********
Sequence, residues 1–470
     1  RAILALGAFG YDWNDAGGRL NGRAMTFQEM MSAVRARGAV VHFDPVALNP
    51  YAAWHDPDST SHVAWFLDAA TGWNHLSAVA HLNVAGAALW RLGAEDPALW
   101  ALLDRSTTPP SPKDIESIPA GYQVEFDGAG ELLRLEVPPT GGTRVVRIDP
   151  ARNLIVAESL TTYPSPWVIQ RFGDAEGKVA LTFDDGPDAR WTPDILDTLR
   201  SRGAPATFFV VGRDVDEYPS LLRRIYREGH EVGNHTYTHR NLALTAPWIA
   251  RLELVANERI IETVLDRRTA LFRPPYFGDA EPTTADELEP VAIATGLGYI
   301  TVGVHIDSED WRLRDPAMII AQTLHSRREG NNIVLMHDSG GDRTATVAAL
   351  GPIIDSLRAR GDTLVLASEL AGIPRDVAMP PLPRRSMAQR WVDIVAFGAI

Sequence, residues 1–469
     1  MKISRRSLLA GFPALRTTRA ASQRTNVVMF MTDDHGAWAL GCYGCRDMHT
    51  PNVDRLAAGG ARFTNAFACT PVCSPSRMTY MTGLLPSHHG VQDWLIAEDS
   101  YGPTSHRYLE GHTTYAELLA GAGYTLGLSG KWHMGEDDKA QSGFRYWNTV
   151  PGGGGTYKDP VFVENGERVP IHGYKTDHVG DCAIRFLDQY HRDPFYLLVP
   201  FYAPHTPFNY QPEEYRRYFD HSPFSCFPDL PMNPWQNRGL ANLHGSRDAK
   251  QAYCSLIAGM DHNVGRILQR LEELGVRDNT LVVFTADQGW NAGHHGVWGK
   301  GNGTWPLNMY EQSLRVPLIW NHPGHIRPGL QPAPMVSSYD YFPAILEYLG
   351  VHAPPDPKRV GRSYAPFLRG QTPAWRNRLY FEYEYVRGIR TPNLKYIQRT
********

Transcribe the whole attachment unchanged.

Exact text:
Sequence, residues 1–470
     1  RAILALGAFG YDWNDAGGRL NGRAMTFQEM MSAVRARGAV VHFDPVALNP
    51  YAAWHDPDST SHVAWFLDAA TGWNHLSAVA HLNVAGAALW RLGAEDPALW
   101  ALLDRSTTPP SPKDIESIPA GYQVEFDGAG ELLRLEVPPT GGTRVVRIDP
   151  ARNLIVAESL TTYPSPWVIQ RFGDAEGKVA LTFDDGPDAR WTPDILDTLR
   201  SRGAPATFFV VGRDVDEYPS LLRRIYREGH EVGNHTYTHR NLALTAPWIA
   251  RLELVANERI IETVLDRRTA LFRPPYFGDA EPTTADELEP VAIATGLGYI
   301  TVGVHIDSED WRLRDPAMII AQTLHSRREG NNIVLMHDSG GDRTATVAAL
   351  GPIIDSLRAR GDTLVLASEL AGIPRDVAMP PLPRRSMAQR WVDIVAFGAI

Sequence, residues 1–469
     1  MKISRRSLLA GFPALRTTRA ASQRTNVVMF MTDDHGAWAL GCYGCRDMHT
    51  PNVDRLAAGG ARFTNAFACT PVCSPSRMTY MTGLLPSHHG VQDWLIAEDS
   101  YGPTSHRYLE GHTTYAELLA GAGYTLGLSG KWHMGEDDKA QSGFRYWNTV
   151  PGGGGTYKDP VFVENGERVP IHGYKTDHVG DCAIRFLDQY HRDPFYLLVP
   201  FYAPHTPFNY QPEEYRRYFD HSPFSCFPDL PMNPWQNRGL ANLHGSRDAK
   251  QAYCSLIAGM DHNVGRILQR LEELGVRDNT LVVFTADQGW NAGHHGVWGK
   301  GNGTWPLNMY EQSLRVPLIW NHPGHIRPGL QPAPMVSSYD YFPAILEYLG
   351  VHAPPDPKRV GRSYAPFLRG QTPAWRNRLY FEYEYVRGIR TPNLKYIQRT